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Pitch Help Security ALarms

Looking for a really good opening pitch to selling security alarms anything would be great... - by faithbeme
nothing? come on guys. - by faithbeme
Many times the use of the word "pitch" will turn off professionals who sell. That may be the case as to why you are not getting response from members.

Perhaps someone here who sells security devices will offer you some advice. - by Gary A Boye
I have to agree with Gary.....I see the word 'pitch' and think......sheez.....somebody else who doesan't understand the business. - by helisell
Looking for a really good opening pitch to selling security alarms anything would be great...
Before 'Pitch', you need to work your way through this exercise:

Put yourself inside the mind of the homeowner. How is your offering different/better than what he's heard from the seven other alarm salesmen who have knocked on his door this week?

And if he's already said 'No' seven times this week, what are the reasons for 'No'. (One of the most overlooked marketing tactics is developing a thorough understanding of why people don't buy from us.)

Work you way through that and then what you say in your 'pitch' will become obvious. - by DaveB
Before 'Pitch', you need to work your way through this exercise:

Put yourself inside the mind of the homeowner. How is your offering different/better than what he's heard from the seven other alarm salesmen who have knocked on his door this week?

And if he's already said 'No' seven times this week, what are the reasons for 'No'. (One of the most overlooked marketing tactics is developing a thorough understanding of why people don't buy from us.)

Work you way through that and then what you say in your 'pitch' will become obvious.
The forum has a real shortage of real life examples. Can you give examples of why people have not bought from you, and what was the "work through" method you personally used? - by Gary A Boye
The forum has a real shortage of real life examples. Can you give examples of why people have not bought from you, and what was the "work through" method you personally used?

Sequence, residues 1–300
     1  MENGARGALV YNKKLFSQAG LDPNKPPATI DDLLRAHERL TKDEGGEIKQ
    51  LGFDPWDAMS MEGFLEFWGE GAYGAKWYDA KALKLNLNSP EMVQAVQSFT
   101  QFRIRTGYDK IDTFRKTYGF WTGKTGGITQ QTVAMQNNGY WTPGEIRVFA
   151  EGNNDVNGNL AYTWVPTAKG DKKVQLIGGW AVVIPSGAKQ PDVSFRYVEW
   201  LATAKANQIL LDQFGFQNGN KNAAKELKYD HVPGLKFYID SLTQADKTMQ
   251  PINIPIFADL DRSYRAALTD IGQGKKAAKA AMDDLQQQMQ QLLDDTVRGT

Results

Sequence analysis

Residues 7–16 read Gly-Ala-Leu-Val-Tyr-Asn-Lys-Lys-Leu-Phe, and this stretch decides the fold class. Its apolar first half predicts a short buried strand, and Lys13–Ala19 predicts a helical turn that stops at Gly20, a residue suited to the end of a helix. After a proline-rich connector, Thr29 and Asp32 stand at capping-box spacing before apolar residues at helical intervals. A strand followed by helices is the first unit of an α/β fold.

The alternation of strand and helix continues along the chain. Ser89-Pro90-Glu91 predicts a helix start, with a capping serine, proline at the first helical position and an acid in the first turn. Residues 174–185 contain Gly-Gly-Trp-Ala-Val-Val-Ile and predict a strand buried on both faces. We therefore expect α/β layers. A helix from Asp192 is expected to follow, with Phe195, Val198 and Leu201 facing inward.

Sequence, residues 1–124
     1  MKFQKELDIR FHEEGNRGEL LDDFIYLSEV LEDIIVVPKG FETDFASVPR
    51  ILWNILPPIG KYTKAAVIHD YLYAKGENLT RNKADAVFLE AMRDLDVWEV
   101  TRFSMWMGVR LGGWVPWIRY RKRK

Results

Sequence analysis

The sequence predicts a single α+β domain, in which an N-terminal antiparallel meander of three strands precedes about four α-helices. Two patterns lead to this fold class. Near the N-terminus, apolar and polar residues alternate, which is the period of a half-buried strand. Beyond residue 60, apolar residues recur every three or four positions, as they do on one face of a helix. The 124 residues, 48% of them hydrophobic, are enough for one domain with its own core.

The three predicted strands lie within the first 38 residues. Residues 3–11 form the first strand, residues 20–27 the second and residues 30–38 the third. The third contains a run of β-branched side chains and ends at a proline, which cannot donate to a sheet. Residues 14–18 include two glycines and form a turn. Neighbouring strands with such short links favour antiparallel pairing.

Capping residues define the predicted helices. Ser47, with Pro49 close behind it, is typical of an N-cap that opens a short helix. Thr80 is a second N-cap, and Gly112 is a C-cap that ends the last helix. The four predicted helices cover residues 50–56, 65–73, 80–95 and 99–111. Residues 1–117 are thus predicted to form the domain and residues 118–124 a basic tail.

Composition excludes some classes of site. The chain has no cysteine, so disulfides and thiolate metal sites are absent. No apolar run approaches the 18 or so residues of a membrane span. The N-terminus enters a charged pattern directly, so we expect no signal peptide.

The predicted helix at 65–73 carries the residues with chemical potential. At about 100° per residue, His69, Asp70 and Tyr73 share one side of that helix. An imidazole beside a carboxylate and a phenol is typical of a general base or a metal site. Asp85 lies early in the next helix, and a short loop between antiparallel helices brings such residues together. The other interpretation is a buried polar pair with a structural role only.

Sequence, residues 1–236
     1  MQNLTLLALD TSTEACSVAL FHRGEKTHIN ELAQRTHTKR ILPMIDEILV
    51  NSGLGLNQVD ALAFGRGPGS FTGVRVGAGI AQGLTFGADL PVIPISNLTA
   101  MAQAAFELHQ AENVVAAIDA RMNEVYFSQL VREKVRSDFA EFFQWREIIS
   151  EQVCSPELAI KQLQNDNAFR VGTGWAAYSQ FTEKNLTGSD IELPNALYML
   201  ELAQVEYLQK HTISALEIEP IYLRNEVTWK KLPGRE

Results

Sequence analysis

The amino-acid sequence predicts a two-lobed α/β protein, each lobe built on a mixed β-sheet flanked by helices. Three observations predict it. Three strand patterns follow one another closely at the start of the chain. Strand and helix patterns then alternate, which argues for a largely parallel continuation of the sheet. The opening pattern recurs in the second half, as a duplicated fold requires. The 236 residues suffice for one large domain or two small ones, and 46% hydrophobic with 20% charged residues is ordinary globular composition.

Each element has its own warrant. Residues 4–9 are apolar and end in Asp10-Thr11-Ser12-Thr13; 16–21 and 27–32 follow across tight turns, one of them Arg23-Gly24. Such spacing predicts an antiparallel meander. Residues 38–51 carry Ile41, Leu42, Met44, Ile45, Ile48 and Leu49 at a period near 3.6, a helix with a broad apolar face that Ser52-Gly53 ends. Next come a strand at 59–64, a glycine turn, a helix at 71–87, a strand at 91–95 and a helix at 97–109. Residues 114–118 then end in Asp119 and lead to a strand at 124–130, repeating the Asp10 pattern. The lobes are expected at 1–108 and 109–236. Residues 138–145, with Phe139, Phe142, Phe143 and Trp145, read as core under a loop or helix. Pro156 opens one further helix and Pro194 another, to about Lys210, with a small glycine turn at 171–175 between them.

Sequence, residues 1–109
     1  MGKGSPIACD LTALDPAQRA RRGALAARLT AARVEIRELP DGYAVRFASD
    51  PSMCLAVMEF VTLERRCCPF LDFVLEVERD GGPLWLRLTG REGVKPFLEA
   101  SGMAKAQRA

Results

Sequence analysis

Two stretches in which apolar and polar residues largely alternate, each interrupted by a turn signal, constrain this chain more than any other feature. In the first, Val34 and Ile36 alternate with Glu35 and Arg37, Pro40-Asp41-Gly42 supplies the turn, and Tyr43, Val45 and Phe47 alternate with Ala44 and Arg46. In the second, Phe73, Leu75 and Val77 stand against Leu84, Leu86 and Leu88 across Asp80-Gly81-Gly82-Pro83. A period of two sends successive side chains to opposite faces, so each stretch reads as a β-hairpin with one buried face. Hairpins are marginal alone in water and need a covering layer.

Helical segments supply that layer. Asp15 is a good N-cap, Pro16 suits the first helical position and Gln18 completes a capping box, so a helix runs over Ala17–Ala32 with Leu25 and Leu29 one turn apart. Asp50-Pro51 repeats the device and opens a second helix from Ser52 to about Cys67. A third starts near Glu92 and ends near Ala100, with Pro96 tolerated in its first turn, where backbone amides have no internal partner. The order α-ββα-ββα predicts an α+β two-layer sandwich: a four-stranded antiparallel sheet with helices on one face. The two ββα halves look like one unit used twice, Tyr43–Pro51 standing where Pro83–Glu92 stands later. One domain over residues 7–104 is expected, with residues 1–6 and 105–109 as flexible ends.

When I do consulting work for my clients, I find it best to start with defining their unique value. I want to know what problems they solve for their customers. Sometimes the best way is to call a few recent customers, have an open-ended conversation, and then when things have warmed up just ask, "I'm curious, Mrs Smith. Can you tell me why you chose to do business with me and not one of my competitors."

I recently did this for a client who is a painter. He owns a franchise who's schtick is "We'll paint any room for $199". Price Price Price. Our phone calls told an entirely different story:

1. His happy customers were elderly and physically unable to do the painting themselves,
2. Some heavy furniture needed moved and most painting contractors would not do that,
3. The painting job was small enough that most contractors were not interested, and
4. His customers needed an extra high-quality paint-matching.

Price was NEVER mentioned.

My client was simply sending the wrong marketing message. His services and his customer's needs were an exact match but his marketing message told a completely different story.

Changing the message (and the geographic target of his marketing) had an overnight impact upon his business.

EXAMPLE 2:

I have a friend named Mark who is one of the most brilliant marketing and business development people I know. He was engaged by a local Training company. It was near the beginning of the current recession, the training company's sales had fallen way off, and they wanted to fix it.

Mark discovered:

1. The Training Company's offering had traditionally been sold to HR managers, and HR managers were the Training company's biggest ally. Economic conditions however have caused most HR managers to lose much of their purchasing approval authority. Mark found that purchases of the required magnitude now required CEO approval.

2. The HR manager and the CEO speak different languages and the HR managers were not able to convey the training's value to the CEO in terms the CEO could relate to. (I don't mean languages specifically. I mean they talk in different terms, have very different perspectives, and place high value upon entirely different things.)

The solution was to create collateral material specifically for the HR manager to provide to the CEO. This collateral was designed specifically to speak in the CEO's language.

The result was that even during the current recession, the training company is breaking all sales records. - by DaveB
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